- Ventricular tachycardia can ultimately lead to death, if left untreated.
Tachycardia refers to rapid heartbeat, with more than 100 beats per minute. When this fast rhythm starts from the lower chambers of the heart (the ventricles) this condition is referred to as ventricular tachycardia. This fast beating heart rate may lead to a condition called ventricular fibrillation, one of the leading causes of sudden cardiac deaths in the country. As the transition from tachycardia to fibrillation occurs, the pumping of blood ceases leading to death. Ventricular tachycardia is a condition that has to be attended without delay to prevent complications and death.
The most common causes of this condition include:
The actual cause of this condition in young people is still unknown. In some cases, ventricular tachycardia is known to be caused by certain medications, like antiarrhythmics. Although not very common, this condition may also be caused by imbalance in the electrolytes, including low levels of potassium in blood. Rapid heartbeat is also set in by some of the herbal medicines, diet medications, and over-the-counter decongestants. Drugs, like cocaine, may stimulate the heart to beat at a faster rate.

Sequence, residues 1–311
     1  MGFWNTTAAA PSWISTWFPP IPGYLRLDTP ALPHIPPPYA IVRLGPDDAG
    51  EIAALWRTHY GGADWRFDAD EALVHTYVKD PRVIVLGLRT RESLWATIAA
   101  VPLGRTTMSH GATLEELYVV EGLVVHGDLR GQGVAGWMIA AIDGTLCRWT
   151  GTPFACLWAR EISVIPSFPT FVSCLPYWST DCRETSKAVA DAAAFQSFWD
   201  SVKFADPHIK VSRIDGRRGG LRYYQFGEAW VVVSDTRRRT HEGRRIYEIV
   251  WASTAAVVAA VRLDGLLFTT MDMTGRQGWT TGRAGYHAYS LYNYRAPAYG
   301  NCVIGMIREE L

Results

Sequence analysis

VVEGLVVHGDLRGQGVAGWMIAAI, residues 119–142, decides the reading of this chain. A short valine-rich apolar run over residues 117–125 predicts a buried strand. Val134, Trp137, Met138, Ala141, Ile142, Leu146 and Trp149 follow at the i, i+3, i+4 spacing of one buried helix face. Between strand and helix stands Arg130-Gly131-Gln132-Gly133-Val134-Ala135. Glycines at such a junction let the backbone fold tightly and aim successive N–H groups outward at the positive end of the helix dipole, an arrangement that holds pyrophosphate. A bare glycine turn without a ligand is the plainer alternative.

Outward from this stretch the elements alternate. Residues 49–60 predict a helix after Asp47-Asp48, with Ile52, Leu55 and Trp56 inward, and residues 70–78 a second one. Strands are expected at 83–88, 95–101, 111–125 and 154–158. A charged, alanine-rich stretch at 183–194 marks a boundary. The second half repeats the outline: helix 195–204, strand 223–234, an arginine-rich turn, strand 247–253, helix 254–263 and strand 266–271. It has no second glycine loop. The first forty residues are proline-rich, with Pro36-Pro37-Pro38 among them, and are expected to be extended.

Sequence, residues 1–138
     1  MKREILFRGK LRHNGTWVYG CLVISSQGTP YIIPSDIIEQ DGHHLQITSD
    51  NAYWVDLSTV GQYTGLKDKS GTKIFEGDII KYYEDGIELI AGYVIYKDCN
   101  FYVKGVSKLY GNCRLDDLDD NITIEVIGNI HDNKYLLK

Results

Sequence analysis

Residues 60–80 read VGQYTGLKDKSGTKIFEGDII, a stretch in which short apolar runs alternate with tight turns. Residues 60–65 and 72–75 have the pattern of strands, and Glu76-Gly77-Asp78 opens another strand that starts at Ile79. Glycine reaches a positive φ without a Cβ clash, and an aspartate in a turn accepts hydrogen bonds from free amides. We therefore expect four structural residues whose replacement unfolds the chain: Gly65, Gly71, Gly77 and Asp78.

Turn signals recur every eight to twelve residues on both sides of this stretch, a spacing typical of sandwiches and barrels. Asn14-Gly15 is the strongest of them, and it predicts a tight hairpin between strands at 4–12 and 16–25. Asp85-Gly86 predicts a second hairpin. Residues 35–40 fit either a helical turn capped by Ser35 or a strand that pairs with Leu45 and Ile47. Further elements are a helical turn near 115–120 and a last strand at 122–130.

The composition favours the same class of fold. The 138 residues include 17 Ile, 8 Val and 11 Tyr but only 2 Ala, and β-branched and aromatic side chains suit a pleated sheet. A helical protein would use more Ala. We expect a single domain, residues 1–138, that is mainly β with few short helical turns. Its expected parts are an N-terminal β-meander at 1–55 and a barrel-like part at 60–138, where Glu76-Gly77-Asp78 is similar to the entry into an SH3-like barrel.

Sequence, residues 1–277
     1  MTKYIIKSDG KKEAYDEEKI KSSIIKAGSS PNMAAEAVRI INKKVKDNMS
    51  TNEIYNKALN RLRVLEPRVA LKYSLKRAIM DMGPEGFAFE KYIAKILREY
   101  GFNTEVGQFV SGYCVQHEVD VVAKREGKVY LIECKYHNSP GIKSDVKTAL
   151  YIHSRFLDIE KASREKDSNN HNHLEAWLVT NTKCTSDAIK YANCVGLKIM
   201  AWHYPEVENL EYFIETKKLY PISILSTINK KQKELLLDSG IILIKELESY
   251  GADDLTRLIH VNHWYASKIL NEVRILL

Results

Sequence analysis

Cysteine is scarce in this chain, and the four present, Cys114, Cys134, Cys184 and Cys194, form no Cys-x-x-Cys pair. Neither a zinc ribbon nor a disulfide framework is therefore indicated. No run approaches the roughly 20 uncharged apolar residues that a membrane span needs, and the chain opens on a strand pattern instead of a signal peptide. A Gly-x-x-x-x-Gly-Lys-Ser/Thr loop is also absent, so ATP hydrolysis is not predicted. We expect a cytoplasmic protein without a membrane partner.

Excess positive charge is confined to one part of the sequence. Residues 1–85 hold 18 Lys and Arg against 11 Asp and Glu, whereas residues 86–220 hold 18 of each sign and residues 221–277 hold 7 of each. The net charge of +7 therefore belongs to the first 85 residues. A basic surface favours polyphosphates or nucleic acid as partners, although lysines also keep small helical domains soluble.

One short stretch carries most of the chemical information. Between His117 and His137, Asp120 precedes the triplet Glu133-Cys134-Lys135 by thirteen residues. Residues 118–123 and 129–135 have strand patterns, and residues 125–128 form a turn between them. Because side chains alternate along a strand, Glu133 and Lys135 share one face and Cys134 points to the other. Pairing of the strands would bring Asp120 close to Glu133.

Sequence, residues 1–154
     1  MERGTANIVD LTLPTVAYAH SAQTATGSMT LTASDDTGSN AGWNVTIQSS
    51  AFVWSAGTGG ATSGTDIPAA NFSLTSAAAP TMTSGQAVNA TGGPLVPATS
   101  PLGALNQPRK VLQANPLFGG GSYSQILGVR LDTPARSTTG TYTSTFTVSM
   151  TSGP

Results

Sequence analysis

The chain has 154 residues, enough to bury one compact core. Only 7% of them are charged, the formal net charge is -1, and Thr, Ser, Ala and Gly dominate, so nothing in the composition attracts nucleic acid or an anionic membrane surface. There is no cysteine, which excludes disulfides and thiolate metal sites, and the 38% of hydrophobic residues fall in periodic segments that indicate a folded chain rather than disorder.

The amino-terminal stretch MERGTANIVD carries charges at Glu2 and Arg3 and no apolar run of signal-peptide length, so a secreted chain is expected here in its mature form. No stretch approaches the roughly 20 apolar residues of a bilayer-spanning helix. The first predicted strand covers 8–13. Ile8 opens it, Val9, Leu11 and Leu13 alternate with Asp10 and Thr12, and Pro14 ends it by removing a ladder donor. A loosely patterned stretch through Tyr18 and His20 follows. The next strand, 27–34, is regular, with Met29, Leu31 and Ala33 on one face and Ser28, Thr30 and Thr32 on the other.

Most of the symptoms of this condition are associated with the difficulty in pumping blood effectively to all parts of the body. Some people with this condition may not experience any symptoms at all. When present, the most common symptoms are:
If the rate is very high, it may lead to fainting or cardiac arrest. The condition may remain only for a few seconds before becoming an irregular, ventricular fibrillation. If there are any of the above-mentioned symptoms, one should immediately get medical attention to avoid a life-threatening situation.
Liquid-based diet programs and high-protein diets may result in electrolyte imbalance, one of the causes of ventricular tachycardia. It is better to avoid such diets and prevent a serious heart problem. If tachycardia is caused by a medication, it has to be stopped with the recommendation of the physician. This will bring back the heart rhythm back to normal.
Those who need immediate medical attention due to this condition may be given a cardiopulmonary resuscitation (CPR) or a shock using automatic defibrillator. Recurring arrhythmia may be prevented by using implantable cardioverter defibrillator (ICD). This small instrument monitors the rhythm of the heart and brings it back to normal whenever there is a change.